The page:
TORONTO — It had been a relatively quiet start to May for Kyle Seager. Traditionally in his career, his sour starts in April bring May power and production. But coming into Thursday night’s series finale against the Blue Jays, he was hitting just .230 (7 for 30) with two doubles and an RBI eight games into the new month.
But that May be changing.
Seager blasted a pair of homers, including a first-inning grand slam, to lead the Mariners’ offensive explosion that included 17 hits and four homers in a decisive 9-3 pummeling of the Blue Jays.
“Kyle really had a great night,” manager Scott Servais said. “We are into May now. We didn’t talk about April with Seags. Hopefully he can get hot and sustain a hot streak for a long time. He’s a big part of our offense.”
Seattle improved to 21-15 and picked up its eighth series win after dropping its previous series against the Angels. The Mariners improved to 5-0-2 in road series this season.
“We came in here and won the series,” Servais said. “We had the no-hitter on opening night, and I felt like we let last night’s game get away from us. Just keep it rolling. We go into Detroit and then have the one game in Minnesota. You want to finish strong.”
The Mariners beat up on one-time teammate J.A. Happ, knocking around the veteran left-hander for seven runs on 10 hits in just 31/3 innings. Happ came into the game with a 4-2 record and 3.67 ERA while not allowing more than four runs in any start.
Seager plated four runs with one swing.
With two outs, Ryon Healy worked an eight-pitch walk to load the bases and bring Seager to the plate.
In this situation, the instant analysis would be advantage Happ. While he hadn’t faced many lefties this season, Happ came into the game holding lefties to a .122 batting average. Of the five hits allowed in 41 at-bats, just two were extra-base hits, both doubles.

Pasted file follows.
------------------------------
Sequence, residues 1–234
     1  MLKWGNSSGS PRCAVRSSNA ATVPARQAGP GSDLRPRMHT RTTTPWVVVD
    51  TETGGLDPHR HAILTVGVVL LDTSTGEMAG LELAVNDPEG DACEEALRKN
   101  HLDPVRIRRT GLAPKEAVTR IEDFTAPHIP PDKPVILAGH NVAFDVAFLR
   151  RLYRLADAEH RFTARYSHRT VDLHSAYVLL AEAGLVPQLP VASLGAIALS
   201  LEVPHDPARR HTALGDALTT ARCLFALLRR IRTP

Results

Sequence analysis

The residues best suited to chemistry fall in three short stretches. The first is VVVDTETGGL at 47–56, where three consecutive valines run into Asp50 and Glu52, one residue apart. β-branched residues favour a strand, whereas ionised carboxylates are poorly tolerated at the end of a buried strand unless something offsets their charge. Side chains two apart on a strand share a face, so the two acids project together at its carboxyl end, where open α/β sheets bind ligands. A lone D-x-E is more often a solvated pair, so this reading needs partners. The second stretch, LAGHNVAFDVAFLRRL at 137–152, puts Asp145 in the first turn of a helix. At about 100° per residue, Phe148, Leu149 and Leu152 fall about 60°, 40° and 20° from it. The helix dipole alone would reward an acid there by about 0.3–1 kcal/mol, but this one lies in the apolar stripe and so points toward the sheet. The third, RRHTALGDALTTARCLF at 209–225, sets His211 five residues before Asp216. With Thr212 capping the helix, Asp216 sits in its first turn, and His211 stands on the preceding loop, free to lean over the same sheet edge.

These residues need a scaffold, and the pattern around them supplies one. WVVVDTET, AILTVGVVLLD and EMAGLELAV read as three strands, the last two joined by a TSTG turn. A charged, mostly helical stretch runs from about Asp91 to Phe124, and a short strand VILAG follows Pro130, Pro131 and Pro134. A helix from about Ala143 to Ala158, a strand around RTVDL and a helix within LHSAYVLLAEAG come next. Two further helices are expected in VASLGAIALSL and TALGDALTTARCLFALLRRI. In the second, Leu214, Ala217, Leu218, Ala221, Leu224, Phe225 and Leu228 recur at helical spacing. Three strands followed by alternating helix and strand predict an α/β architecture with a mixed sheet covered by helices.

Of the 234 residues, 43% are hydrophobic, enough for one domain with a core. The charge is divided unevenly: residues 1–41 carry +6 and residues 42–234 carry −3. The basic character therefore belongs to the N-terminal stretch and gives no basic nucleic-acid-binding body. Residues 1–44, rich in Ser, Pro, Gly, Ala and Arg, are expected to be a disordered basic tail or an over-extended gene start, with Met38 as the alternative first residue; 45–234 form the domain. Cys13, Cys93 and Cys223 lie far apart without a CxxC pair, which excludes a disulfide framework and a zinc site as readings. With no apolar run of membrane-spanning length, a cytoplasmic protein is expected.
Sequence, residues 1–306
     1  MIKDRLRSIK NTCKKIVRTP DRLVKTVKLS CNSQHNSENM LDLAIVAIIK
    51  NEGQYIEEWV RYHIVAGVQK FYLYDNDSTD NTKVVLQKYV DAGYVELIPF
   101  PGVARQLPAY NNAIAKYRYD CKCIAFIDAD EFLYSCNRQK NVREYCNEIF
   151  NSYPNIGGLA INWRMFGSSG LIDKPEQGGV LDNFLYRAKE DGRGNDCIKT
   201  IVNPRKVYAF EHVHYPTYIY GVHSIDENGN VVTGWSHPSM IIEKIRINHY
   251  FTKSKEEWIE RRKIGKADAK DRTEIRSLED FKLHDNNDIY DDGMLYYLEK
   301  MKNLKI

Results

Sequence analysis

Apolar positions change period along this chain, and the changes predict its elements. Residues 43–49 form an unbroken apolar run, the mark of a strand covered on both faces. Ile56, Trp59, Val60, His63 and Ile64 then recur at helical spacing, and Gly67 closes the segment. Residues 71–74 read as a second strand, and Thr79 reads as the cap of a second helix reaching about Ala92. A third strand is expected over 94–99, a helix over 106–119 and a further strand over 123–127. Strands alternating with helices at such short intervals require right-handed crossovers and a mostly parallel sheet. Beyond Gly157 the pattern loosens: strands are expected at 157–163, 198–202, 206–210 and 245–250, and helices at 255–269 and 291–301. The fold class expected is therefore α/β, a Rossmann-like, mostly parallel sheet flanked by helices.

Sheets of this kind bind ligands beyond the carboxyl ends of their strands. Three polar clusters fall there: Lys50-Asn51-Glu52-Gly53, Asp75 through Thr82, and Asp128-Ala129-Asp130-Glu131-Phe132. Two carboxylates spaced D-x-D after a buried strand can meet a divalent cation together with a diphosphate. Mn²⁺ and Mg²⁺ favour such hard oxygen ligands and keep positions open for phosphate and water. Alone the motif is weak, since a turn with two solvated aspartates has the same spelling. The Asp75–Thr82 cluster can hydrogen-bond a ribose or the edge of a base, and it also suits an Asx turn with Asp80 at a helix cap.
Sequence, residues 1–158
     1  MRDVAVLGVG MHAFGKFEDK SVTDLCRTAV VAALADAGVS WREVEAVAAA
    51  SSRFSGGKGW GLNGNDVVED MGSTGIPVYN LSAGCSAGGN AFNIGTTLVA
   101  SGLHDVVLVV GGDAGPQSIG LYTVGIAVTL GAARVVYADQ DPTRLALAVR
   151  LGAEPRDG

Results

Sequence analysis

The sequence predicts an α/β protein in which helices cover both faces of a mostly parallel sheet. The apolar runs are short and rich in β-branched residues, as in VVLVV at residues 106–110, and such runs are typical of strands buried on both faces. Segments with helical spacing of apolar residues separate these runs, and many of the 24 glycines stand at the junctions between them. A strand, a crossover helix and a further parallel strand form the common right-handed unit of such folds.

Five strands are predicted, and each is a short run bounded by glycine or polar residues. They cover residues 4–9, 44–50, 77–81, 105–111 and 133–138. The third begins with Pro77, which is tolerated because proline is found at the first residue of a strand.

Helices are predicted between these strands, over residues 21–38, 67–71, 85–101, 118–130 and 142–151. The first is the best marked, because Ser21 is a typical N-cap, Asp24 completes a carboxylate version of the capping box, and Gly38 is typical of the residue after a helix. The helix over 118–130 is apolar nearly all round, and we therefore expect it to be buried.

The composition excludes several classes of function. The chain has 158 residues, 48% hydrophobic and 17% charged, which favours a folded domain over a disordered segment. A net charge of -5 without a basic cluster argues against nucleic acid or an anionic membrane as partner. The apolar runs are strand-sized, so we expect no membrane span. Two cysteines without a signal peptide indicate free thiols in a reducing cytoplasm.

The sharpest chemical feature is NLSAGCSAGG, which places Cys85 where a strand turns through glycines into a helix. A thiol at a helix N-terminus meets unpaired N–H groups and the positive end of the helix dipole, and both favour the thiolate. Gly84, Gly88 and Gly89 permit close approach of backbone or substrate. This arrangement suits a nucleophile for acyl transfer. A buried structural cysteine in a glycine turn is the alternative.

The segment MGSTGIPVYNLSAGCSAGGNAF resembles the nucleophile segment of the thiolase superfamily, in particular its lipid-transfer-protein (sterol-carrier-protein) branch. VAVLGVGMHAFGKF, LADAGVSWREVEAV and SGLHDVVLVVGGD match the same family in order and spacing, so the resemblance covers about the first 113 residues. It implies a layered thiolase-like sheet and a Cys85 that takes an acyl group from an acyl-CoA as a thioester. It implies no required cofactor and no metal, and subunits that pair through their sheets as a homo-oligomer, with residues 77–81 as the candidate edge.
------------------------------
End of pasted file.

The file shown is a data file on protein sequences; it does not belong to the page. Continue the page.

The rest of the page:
And yet, Seager isn’t the typical lefty that is overwhelmed by left-handed pitchers. He had two homers in his career against Happ and has hit 32 homers off left-handed pitchers the last three seasons.
“I think those were a few years ago,” Seager said of his previous Happ homers. “I think the last few years he’s kind of had my number.”
Indeed, Seager’s two homers came in 2014. In his previous seven at-bats against Happ, he was 0 for 7 with two strikeouts.
After falling behind 0-2, Seager refused to chase a high fastball out of the zone as Happ searched for strike three. The next pitch was a 94 mph fastball down the middle. Seager redirected the mistake over the wall in right-center for his fourth career grand slam.
Was he looking for a certain pitch?
“I got a fastball and I was looking to not strike out, so it worked out all right,” he said. “When you’ve got bases loaded and two outs, you are just trying to make sure you put the ball in play and make something happen. Fortunately for me, it had enough to get out.”
It was a miserable first inning for Happ. He faced all nine Mariners batters and threw 37 pitches.
Seattle tacked on one run each of the next four innings, allowing the Mariners to brush off a two-run homer by Russell Martin in the second inning.
Healy led off the third inning with his sixth homer of the season, smashing a solo blast off the facade of the upper deck in deep left-center to make it 5-2.
The Mariners loaded the bases again off Happ in the fourth inning. Robinson Cano scored the only run on a sacrifice fly to left that ended Happ’s night.
While the grand slam gets the notoriety, Seager’s solo smash off Jake Petricka to start the fifth inning might have been more impressive. Not known to have consistent power to that part of the park, Seager sent a fly ball over the wall in dead center.
“Those are good,” he said. “You can have a pull-side homer with a bad swing. Those happen all the time and you love them, don’t get me wrong. But that doesn’t mean you are necessarily in a better position. The ball to center is a really good sign for me. It was a clean swing for me. It’s something to build off.”
All that run support was plenty for Seattle starter Mike Leake. The veteran right-hander got eight ground-ball outs, struck out six batters and allowed just the two runs on six hits while issuing just one walk in seven innings.
“The key was 21 out of 26 first-pitch strikes tonight,” Servais said. “When he’s getting that first pitch in there, he can work off his sinker and has the good breaking stuff.”
In his past three outings, Leake had been behind in about 70 percent of the counts.
“It’s something I needed to get back going and just carry it on to the next outing,” he said. “It puts the other team on their heels. I’m trying to make it easier on myself and attack guys better.”
The Mariners’ final run of the night might have been the most impressive. On a night filled with long homers, Mike Zunino’s solo homer off the neon Budweiser sign hanging off the front of the third deck in deep left-center might have been the best — officially 431 feet.